Dartmoor would not be Dartmoor without its herds of semi-wild ponies, a potent symbol of its wilderness.
All the ponies, however are owned by the Dartmoor Commoners, (the farmers and residents of the Moor who have grazing rights on the open moor), and these rights come with the responsibility of seeing that the herds of ponies are kept viable.
To this end they are gathered (“drifted”) every Autumn, and the foals are then weaned. Filly foals that are to be kept as replacement mares are branded and left with their mothers, all other foals are removed. Some colt foals are retained to be gelded and kept until they can be turned out again the following Spring, growing on into riding ponies.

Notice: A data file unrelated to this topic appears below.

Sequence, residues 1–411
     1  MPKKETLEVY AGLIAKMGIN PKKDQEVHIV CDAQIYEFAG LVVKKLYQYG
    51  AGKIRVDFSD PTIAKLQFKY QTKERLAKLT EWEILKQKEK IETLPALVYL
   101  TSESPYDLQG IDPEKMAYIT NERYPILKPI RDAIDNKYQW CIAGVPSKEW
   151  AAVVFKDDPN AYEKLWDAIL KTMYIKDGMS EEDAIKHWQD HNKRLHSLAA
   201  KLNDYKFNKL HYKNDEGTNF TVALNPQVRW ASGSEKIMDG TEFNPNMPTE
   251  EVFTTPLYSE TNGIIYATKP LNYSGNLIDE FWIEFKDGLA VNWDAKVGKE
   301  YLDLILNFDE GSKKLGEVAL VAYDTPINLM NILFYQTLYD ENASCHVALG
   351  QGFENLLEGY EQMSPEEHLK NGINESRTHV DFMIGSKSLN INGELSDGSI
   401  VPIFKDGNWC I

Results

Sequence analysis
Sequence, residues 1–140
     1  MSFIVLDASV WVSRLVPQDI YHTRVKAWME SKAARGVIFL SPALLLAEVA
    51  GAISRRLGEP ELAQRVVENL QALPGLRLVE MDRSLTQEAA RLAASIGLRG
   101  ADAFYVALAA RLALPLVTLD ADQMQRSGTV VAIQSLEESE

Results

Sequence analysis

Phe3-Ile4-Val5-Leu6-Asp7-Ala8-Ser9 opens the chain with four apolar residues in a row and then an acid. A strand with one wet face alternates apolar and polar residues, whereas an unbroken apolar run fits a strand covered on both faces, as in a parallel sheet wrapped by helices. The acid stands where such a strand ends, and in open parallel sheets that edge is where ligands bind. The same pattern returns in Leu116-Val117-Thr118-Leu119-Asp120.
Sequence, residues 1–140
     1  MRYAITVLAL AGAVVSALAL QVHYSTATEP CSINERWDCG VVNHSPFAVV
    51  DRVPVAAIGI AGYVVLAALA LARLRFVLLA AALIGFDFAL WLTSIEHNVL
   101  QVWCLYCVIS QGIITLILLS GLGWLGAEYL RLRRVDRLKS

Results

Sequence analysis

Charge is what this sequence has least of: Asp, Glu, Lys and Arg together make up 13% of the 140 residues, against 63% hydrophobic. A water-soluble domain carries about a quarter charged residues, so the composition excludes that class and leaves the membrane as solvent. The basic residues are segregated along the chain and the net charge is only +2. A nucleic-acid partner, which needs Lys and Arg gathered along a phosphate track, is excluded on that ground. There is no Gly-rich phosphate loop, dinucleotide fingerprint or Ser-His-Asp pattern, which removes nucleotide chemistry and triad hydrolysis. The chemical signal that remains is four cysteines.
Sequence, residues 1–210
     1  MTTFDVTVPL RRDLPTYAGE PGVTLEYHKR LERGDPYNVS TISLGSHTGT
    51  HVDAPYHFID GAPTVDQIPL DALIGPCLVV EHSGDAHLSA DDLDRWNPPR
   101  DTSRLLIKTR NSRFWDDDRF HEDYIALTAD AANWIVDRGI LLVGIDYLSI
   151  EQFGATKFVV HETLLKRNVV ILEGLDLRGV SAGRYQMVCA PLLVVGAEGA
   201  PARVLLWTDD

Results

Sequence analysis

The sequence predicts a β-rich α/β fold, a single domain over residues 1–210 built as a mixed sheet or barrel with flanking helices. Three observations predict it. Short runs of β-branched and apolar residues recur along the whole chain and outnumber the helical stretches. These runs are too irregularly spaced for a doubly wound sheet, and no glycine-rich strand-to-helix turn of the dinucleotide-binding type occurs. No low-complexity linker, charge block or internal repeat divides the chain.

The vast majority of foals are then sold at the pony sales, held at Chagford and Hatherleigh in the Autumn. However over the last few years the price of foals has dropped drastically, and it seemed at one point that the ponies on the moor could disappear, especially in view of the fact that under ill thought out European laws, ponies could not be sold without a passport coating a minimum of £20.00, when foals were being sold for as little as 50 pence. The Auctioneers the decreed minimum bid of £10.00, but that only left many foals with no bids at all and unsold.
A DARTMOOR HILL PONY IS ONE BRED ON THE COMMONS OF DARTMOOR BY A REGISTERED COMMONER, WHOSE SIRE AND DAM RUN ON THE SAID COMMONS. THIS ENSURES THAT THE SIRE HAS BEEN INSPECTED AND APPROVED BY THE DARTMOOR COMMONERS COUNCIL AS A SUITABLE STALLION TO RUN ON THE COMMONS.